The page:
NJ We've always managed our cash-flow and reinvested into the business, which means some of our competitors are making a lot more profit but we don't have to worry about bank managers and servicing loans. One of our biggest challenges of late has been late payments. Clients are keeping hold of their money, but I think that's a common trend because cash-flow is king in business.

What prompted you to open the Hoops Inn pub in collaboration with the Henry Moore Foundation?

PH They'd heard about St Paul's, been in to see it and approached us. It's a really exciting opportunity. It was a failing pub, with your classic chintzy, sticky carpet, ghastly food and a reputation to match. We worked with the Henry Moore Foundation to refurbish it and create a dining experience for the locals and the visitors to the foundation. We're developing a plan to bring more events business into the foundation site to complement the investment they made in the Hoops. It made it into the Good Food Guide after being open for just nine months.

How would you describe the dynamic between you?

NJ I would say we're like a pint of very good real ale and a glass of vintage Champagne. Or chalk and cheese. Clients love the spark between us because we're incredibly passionate.

PH Opposites attract and we each have a different skill base but ultimately Nathan and I agree a lot more than people might think. Honesty is critical to a successful partnership. When we're asked in a pitch how much of our fee we're prepared to risk if we don't perform, I always say all of it. Nathan is having kittens at this point.

But if you've done something wrong then you should pay a price for that. I tell clients that this is the spirit of being successful and if we're successful they'll want to pay our fee. If one month we cock up, we'll be the first to put our hands up and say don't pay us.

How do you build a team of like-minded people?

NJ It starts with the recruitment. We've done some fun things in the past, such as speed date recruitment for our frontline roles. We invite people to come to our open days and they'll be asked questions like ‘if you were a biscuit, which would you be and why?" We're looking for a bubbly personality and communication skills. If they can sell the idea that being a chocolate bourbon is the best thing in the world, then they can sell coffee to our customers.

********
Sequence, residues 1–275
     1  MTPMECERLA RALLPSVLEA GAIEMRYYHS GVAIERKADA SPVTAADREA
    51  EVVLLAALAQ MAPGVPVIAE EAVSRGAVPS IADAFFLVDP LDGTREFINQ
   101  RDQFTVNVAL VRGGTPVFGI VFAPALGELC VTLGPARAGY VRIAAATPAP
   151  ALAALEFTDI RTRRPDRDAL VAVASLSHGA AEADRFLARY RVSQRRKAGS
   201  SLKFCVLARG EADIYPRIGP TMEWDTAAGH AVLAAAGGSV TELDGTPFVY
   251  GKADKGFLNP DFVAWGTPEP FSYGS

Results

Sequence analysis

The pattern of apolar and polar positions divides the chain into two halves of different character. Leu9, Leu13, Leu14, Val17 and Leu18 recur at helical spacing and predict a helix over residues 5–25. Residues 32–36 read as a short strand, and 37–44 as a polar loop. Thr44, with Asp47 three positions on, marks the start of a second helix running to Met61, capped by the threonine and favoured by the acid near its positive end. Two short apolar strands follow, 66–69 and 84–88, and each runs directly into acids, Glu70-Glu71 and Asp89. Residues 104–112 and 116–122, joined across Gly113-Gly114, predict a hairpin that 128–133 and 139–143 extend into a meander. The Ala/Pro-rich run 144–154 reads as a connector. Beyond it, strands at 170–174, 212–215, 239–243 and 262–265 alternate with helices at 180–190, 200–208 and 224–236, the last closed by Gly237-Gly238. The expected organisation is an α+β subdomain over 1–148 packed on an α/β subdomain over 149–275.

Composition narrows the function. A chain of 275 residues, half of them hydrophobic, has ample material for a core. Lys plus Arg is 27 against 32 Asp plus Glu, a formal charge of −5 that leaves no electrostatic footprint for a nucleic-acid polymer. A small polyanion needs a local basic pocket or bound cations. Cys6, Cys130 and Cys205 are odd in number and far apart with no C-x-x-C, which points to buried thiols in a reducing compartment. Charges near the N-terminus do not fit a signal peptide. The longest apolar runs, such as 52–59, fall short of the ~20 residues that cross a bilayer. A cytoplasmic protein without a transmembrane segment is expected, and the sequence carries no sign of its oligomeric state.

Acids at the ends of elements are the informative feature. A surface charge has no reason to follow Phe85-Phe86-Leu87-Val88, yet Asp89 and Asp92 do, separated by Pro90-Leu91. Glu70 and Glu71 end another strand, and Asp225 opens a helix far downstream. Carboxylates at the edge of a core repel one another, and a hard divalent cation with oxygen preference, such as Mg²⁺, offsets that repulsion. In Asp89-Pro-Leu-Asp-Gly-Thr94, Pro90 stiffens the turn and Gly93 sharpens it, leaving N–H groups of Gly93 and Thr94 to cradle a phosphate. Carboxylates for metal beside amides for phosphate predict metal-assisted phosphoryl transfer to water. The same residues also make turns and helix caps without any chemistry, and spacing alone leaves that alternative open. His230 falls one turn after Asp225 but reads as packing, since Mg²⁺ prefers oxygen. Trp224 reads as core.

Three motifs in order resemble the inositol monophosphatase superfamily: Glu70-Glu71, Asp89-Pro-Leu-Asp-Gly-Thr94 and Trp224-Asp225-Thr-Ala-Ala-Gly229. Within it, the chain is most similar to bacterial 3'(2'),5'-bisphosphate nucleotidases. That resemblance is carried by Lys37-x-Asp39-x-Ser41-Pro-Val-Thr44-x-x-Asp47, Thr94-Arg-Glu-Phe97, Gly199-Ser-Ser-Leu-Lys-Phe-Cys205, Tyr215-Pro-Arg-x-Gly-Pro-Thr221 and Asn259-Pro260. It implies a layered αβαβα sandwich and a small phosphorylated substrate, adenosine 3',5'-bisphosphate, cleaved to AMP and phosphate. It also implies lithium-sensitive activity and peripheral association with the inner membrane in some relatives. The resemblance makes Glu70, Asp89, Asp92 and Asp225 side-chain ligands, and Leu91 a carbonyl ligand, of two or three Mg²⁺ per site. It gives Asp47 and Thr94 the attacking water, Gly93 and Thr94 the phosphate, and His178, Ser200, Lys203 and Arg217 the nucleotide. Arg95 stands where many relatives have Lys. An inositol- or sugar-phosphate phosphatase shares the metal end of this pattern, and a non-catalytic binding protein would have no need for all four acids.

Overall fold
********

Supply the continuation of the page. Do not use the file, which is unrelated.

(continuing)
PH We did some profiling work at a recent management away day at Pennyhill Park hotel and we found that among all the passion and enthusiasm was that roughly speaking, we've got four completely different profiles. That balance of personalities and skill bases is what will sustain our growth. We've created a family of people who share the same values because Nathan and I can't be everywhere. It's not Harbour, it's not Jones. If people can buy into our values then our company can grow on it. It's our backbone.

HARBOUR & JONES - NEED TO KNOW

Turnover £18.5m for 2010 (£26m expected for 2011, £35m expected for 2012)

Contracts 39

Sites 47

Recent contract wins

â- Building Design Partnership, annual turnover £400,000, three-year deal (won from BaxterStorey)

â- Aviva Investments, annual turnover £1m, three-year deal (won from Avenance)

â- Aegis Media, annual turnover £500,000, rolling agreement (previously self-operated)

â- Global Radio, annual turnover £750,000, three-year deal (previously self-operated)

â- Bishop's Palace, Wells, annual turnover £650,000 projected to grow to £1m over next three years (previously self-operated)

â- IOP Publishing, annual turnover £200,000, four-year deal (BaxterStorey operated contract in previous premises)

â- Leading British fashion house